This is the tricky part, develop a relationship with your supervisor, and others you work with, that allows you to talk openly about the demands placed on your life. I am talking specifically about work, but if there is a personal thing going on, being able to talk with your boss abut it can help ease tension around the workplace. If you have the right kind of relationship, when people come asking you to clear your schedule, and you have an important family ting, you can probably work out schedule that allows the goals to be met and you to do right by your family.

Hear me, your job is not more important than your relationship with God, it is not more important than your family. Yes, you need to keep your job in order to provide for them, but you should not let your job even have the appearance of being in line before your family.

Teams that have consideration for the individuals that make up the team are healthier, and have more stamina. Take a look at how your teams work, and help them get healthy.

The “End Run” and Why It’s Bad for Ministry

end run
1. Football. Also called end sweep, sweep. a running play in which the ball-carrier attempts to outflank the defensive end.
2. Informal.
a. an evasive or diversionary maneuver.
b. an attempt to surmount a difficulty without confronting it directly.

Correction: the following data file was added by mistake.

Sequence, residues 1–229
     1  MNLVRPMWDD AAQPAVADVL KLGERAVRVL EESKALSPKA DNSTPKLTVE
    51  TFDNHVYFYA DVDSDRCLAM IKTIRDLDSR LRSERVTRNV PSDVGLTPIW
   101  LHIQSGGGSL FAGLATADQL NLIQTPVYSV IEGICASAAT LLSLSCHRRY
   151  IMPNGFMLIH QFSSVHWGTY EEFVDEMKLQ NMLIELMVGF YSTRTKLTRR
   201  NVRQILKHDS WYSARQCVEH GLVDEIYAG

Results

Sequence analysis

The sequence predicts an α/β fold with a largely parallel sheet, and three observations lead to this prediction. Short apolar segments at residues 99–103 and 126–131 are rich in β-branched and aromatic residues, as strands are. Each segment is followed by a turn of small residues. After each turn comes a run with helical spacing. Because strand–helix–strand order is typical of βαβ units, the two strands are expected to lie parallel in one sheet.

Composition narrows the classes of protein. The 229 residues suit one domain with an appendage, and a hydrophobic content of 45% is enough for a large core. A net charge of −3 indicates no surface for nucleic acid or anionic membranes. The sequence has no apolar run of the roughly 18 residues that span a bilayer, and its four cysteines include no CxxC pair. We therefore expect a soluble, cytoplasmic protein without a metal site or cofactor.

I love football season. I always play two fantasy football teams, one with friends and one public. I rarely win, but I like to play.

In football you sometimes see the end run, where an offensive team member tries to run around the defensive line, and bypass the defenders waiting to bring him down. The path of least resistance is not ahead, but around the obstacles. While the offensive and defensive lines are tied up at the line of scrimmage, the running back skirts around the line and tries to break out into the open for a big gain.

There are times in ministry when you see this play out. Someone has the ball, something they want to move forward, something they want to do. They see that there is blockage ahead, and rather than try to go through that, they attempt to go around the line. Sometimes this is literally done by going to another person who has authority, or just going ahead and doing it without asking permission. You see the normal path to get it done, but rather than deal with any opposition, you find an alternate route.